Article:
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Microsoft Corporation (commonly referred to as Microsoft) is an American multinational technology company headquartered in Redmond, Washington, that develops, manufactures, licenses, supports and sells computer software, consumer electronics and personal computers and services.

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Mobile number portability (MNP) enables mobile telephone users to retain their mobile telephone numbers when changing from one mobile network operator to another.

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Mobile VoIP or simply mVoIP is an extension of mobility to a Voice over IP network.

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Multimedia refers to content that uses a combination of different content forms.

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Multipath routing is the routing technique of using multiple alternative paths through a network, which can yield a variety of benefits such as fault tolerance, increased bandwidth, or improved security.

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In telecommunications and computer networks, multiplexing (sometimes contracted to muxing) is a method by which multiple analog message signals or digital data streams are combined into one signal over a shared medium.

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In radio, narrowband describes a channel in which the bandwidth of the message does not significantly exceed the channel's coherence bandwidth.

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The National Science Foundation (NSF) is a United States government agency that supports fundamental research and education in all the non-medical fields of science and engineering.

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The National Science Foundation Network (NSFNET) was a program of coordinated, evolving projects sponsored by the National Science Foundation (NSF) beginning in 1985 to promote advanced research and education networking in the United States.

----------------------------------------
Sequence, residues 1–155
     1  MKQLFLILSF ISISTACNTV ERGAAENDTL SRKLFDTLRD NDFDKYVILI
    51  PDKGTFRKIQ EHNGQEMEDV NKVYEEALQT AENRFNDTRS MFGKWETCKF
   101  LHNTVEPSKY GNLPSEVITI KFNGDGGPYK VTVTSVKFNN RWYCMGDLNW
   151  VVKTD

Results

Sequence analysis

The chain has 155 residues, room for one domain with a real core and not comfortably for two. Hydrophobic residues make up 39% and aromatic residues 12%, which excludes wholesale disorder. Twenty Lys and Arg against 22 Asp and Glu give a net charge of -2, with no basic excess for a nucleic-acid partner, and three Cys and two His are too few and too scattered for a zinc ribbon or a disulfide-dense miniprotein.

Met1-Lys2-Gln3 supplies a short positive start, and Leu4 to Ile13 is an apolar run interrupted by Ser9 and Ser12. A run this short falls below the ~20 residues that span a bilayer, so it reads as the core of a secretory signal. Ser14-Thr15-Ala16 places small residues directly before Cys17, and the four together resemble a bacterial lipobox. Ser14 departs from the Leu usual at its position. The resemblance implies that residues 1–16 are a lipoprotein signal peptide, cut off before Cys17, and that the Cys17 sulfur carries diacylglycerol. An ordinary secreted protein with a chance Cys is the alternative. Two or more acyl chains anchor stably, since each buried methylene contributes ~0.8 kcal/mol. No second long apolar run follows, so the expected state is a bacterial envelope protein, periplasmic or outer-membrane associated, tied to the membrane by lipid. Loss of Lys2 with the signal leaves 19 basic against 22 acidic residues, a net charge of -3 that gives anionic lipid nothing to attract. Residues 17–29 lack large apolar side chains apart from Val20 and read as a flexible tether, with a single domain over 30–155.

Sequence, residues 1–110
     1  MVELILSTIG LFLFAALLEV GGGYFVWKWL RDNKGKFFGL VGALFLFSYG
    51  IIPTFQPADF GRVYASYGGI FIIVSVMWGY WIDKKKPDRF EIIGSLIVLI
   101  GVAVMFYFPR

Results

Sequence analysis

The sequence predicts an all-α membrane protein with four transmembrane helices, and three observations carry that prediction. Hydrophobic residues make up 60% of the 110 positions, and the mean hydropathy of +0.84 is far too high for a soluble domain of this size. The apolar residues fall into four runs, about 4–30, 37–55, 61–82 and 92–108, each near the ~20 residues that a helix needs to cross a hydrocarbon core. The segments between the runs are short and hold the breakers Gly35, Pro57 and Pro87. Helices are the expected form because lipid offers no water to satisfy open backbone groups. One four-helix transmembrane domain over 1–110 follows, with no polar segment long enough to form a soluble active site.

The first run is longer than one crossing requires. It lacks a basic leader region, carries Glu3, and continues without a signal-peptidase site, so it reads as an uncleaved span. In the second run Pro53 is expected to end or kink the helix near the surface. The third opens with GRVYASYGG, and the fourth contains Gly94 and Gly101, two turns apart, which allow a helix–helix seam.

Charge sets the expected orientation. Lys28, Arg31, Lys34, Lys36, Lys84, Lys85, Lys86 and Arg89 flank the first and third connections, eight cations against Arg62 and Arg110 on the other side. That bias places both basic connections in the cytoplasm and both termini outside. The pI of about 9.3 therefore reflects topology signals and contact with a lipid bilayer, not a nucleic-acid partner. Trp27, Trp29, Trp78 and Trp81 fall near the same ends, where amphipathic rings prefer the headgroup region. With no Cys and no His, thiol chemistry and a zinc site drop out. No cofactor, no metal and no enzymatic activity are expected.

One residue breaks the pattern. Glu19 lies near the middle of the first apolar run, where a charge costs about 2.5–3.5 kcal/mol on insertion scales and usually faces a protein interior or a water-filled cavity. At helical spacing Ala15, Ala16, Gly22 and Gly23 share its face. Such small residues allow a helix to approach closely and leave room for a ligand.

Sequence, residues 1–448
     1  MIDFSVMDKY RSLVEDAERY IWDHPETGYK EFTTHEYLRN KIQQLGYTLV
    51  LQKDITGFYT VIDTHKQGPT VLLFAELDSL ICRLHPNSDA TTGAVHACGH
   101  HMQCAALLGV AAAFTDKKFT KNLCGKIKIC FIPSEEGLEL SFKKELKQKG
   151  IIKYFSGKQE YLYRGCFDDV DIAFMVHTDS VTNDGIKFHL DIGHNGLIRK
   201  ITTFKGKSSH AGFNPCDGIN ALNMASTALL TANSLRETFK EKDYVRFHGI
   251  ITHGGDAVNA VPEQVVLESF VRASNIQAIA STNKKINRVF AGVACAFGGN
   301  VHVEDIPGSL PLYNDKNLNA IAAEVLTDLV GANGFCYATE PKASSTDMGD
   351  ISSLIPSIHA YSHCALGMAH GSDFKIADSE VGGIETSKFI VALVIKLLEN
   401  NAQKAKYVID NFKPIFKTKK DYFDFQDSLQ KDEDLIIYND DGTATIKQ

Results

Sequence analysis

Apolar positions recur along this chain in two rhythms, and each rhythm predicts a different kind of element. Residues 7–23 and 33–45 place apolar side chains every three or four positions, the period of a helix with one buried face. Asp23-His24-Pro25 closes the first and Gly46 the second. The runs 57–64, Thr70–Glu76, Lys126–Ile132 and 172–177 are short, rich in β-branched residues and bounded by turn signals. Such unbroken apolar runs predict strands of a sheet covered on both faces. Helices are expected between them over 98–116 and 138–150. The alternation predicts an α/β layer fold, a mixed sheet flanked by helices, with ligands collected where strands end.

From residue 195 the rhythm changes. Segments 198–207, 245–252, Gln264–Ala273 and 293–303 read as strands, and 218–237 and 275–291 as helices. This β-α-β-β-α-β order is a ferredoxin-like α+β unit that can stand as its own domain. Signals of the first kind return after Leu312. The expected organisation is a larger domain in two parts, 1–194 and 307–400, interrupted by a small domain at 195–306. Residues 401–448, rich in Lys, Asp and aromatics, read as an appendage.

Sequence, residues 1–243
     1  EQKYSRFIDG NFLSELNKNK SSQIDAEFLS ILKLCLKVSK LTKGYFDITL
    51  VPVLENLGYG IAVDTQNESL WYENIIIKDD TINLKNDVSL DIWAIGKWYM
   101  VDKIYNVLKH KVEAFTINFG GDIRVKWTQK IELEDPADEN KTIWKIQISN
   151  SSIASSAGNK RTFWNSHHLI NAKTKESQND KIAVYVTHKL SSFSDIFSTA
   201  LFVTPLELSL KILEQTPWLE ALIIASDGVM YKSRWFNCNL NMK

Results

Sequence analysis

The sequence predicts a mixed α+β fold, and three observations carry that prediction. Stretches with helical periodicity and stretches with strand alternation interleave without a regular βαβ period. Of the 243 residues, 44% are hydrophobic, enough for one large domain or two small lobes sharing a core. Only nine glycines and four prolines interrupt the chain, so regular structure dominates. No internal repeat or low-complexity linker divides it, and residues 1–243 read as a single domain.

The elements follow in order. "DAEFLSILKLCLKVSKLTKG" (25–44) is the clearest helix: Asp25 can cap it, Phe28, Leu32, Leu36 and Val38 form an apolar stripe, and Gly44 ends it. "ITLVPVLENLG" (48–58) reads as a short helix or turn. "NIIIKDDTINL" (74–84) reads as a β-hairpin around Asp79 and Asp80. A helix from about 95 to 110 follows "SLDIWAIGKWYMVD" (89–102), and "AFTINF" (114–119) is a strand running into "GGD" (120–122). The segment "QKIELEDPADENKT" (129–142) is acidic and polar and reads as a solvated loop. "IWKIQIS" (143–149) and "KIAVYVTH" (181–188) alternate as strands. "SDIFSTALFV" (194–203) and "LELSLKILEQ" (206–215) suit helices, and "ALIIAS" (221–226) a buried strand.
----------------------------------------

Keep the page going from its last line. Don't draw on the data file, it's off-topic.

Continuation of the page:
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Network address translation (NAT) is a methodology of remapping one IP address space into another by modifying network address information in Internet Protocol (IP) datagram packet headers while they are in transit across a traffic routing device.

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The Network Voice Protocol (NVP) was a pioneering computer network protocol for transporting human speech over packetized communications networks.

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In probability theory, the normal (or Gaussian) distribution is a very common continuous probability distribution.

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An off-premises extension (OPX), sometimes also known as off-premises station (OPS), is an extension telephone at a location distant from its servicing private branch exchange (PBX).

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Oman (عمان), officially the Sultanate of Oman (سلطنة عُمان), is an Arab country in the southeastern coast of the Arabian Peninsula.

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Open-source software (OSS) is computer software with its source code made available with a license in which the copyright holder provides the rights to study, change, and distribute the software to anyone and for any purpose.